Aromatherapy Sore Throat Treatment
Throat Spray or Gargle
- 4 drops marjoram oil
- 1/2 cup warm water
- 1/2 teaspoon salt
Combine ingredients. Shake well to dissolve the salt and disperse the oils before spraying or gargling. Gargle every half hour at first and then several times a day.
- 2 drops lavender oil
- 2 drops bergamot oil
- 1 drop tea tree oil
- 2 cups hot water
Mix the water with the essential oils. While still warm, soak a soft cloth, preferably flannel, in the water and wring it out. Wrap it around the neck. Cover with a towel (thin enough to be comfortable) to hold in the heat. Remove before it becomes cold. Use throughout the day as often as you wish.
A bacterial infection or lots of singing, talking, or yelling can cause a sore throat. At times, the throat can be so inflamed and painful that it becomes difficult to swallow. If the inflammation is in the voice box, you can easily come down with laryngitis, in which your voice is reduced to a hoarse whisper or it even may become impossible to talk at all.
For centuries, European singers have known the secret to preserving their voices with aromatherapy and herbal remedies. Their most popular sore throat and laryngitis cure is to gargle with a marjoram herb tea that has been sweetened with honey. You can use the essential oil of marjoram to make a similar remedy. As both an antiseptic and anti-inflammatory, it is a good choice. Other essential oils or herb teas to use as a gargle are sage, hyssop, and thyme, all of which kill bacterial infections.
Any of these essential oils can easily be gargled or sprayed into the throat. This brings the antibacterial and soothing essential oils into direct contact with the bacteria responsible for causing a sore throat or laryngitis. In an emergency, a few drops of essential oil diluted in two ounces of water may also be used. In addition, try a neck wrap as described below. This is especially good to use if your glands are swollen or your neck is stiff.
Both lavender and eucalyptus work so well in an aromatherapy steam to recover your voice that you must remind yourself to not overstress it until your throat fully recovers. And don’t forget the old standard of a hot drink made with fresh lemon juice and honey.
Essential oils for sore throat: bergamot, eucalyptus, lavender, lemon, marjoram, sage, sandalwood, tea tree, thyme
To learn more about Aromatherapy and other alternative medicines, see:
- Aromatherapy: Here you will learn about aromatherapy, how it works, what part essential oils play, and how to use aromatherapy.
- Essential Oils Profiles: We have collected profiles of dozens of plants that are used to produce essential oils. On these pages, you will learn the properties and preparations for the most popular essential oils.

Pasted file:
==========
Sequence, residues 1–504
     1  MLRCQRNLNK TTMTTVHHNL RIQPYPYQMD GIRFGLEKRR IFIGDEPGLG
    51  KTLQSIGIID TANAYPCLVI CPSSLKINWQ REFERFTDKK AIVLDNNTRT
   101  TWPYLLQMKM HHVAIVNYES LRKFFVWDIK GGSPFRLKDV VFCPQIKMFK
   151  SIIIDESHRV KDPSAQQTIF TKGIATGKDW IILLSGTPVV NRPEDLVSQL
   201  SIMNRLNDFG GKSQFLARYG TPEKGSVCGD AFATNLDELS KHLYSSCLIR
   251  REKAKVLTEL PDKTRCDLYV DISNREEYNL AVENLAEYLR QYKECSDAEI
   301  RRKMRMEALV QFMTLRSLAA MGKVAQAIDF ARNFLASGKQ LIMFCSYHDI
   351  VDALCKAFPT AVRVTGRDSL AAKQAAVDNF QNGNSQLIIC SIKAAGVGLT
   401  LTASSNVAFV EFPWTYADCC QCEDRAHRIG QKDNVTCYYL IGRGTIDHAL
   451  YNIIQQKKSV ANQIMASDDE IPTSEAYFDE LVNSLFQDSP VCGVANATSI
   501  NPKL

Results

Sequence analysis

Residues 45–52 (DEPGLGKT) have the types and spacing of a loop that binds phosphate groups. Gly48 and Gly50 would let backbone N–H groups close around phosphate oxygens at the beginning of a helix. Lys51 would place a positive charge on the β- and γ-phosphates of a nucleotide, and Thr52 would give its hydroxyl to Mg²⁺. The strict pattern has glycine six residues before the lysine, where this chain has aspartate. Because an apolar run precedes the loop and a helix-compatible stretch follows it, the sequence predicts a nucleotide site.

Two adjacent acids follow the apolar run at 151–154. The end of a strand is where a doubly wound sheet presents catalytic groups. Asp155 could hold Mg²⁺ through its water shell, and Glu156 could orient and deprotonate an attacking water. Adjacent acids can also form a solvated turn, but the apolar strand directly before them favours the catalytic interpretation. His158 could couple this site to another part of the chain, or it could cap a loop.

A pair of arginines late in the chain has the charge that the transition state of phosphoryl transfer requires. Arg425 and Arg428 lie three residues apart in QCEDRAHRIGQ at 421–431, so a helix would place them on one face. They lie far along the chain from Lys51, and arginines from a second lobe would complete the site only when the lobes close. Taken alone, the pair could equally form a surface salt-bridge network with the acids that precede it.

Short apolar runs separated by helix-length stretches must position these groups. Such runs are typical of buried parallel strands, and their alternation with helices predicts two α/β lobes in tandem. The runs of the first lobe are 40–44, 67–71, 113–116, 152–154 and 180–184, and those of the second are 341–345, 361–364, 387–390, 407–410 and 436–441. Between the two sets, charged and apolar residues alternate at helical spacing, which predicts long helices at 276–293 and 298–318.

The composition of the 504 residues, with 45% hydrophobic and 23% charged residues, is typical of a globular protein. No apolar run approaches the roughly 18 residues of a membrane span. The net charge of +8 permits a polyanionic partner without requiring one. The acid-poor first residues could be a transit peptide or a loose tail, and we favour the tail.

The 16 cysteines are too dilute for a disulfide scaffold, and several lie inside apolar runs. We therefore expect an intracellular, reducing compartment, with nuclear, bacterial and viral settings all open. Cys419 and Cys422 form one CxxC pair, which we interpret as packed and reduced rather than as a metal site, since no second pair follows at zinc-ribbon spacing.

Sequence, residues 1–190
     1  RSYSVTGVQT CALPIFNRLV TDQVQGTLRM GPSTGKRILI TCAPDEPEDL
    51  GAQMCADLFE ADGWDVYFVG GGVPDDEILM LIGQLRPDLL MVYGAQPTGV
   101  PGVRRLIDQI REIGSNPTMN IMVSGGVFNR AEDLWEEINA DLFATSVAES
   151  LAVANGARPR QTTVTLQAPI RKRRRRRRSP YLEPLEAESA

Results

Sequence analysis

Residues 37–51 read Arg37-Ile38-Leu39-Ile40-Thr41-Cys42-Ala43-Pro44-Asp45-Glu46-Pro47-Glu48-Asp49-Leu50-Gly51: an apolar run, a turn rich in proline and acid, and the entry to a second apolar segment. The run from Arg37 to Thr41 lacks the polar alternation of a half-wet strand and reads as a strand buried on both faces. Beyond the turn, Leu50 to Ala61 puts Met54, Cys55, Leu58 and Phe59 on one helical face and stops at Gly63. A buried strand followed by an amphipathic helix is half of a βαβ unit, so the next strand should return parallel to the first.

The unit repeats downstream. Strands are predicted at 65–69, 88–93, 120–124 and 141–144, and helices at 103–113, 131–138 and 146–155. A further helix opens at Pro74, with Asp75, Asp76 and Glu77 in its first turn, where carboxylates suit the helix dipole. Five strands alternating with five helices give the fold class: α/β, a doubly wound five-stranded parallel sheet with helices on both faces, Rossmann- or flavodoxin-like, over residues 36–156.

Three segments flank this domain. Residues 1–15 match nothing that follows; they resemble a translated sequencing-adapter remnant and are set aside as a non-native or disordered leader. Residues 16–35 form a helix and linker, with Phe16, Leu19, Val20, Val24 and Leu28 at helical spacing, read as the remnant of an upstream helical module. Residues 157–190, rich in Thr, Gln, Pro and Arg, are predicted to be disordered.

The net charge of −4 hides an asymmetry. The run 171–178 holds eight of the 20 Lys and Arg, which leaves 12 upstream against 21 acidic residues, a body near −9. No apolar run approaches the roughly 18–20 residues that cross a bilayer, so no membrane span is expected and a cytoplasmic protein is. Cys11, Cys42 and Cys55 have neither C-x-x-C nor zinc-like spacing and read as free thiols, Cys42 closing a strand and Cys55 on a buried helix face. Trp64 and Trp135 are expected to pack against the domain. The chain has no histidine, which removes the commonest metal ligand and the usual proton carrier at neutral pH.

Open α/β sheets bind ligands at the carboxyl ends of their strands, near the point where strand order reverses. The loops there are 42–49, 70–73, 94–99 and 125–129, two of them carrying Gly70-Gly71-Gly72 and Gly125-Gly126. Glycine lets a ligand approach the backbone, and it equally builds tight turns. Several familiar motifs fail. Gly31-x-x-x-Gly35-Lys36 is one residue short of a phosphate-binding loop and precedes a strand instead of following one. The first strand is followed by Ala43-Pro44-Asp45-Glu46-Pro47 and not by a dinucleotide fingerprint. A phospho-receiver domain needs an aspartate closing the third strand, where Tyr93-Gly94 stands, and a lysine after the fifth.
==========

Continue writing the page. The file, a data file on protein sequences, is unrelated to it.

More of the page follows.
- How to Treat Common Conditions With Aromatherapy: Aromatherapy can be used to treat a number of conditions, from asthma to depression to skin problems. Here you will learn how to treat some common medical problems with aromatherapy.
- Home Remedies: We have gathered over a hundred safe, time-tested home remedies for treating a wide variety of medical complaints yourself.
- Herbal Remedies: Herbal remedies and aromatherapy can be very similar, and they stem from similar historic roots. On this page, you will find all of our herb profiles and instructions for treating medical problems with herbal remedies.
Kathi Keville is director of the American Herb Association and editor of the American Herb Association Quarterly newsletter. A writer, photographer, consultant, and teacher specializing in aromatherapy and herbs for over 25 years, she has written several books, including Aromatherapy: The Complete Guide to the Healing Art and Pocket Guide to Aromatherapy, and has written over 150 articles for such magazines as New Age Journal, The Herb Companion, and New Herbal Remedies.This information is solely for informational purposes. IT IS NOT INTENDED TO PROVIDE MEDICAL ADVICE. Neither the Editors of Consumer Guide (R), Publications International, Ltd., the author nor publisher take responsibility for any possible consequences from any treatment, procedure, exercise, dietary modification, action or application of medication which results from reading or following the information contained in this information. The publication of this information does not constitute the practice of medicine, and this information does not replace the advice of your physician or other health care provider. Before undertaking any course of treatment, the reader must seek the advice of their physician or other health care provider.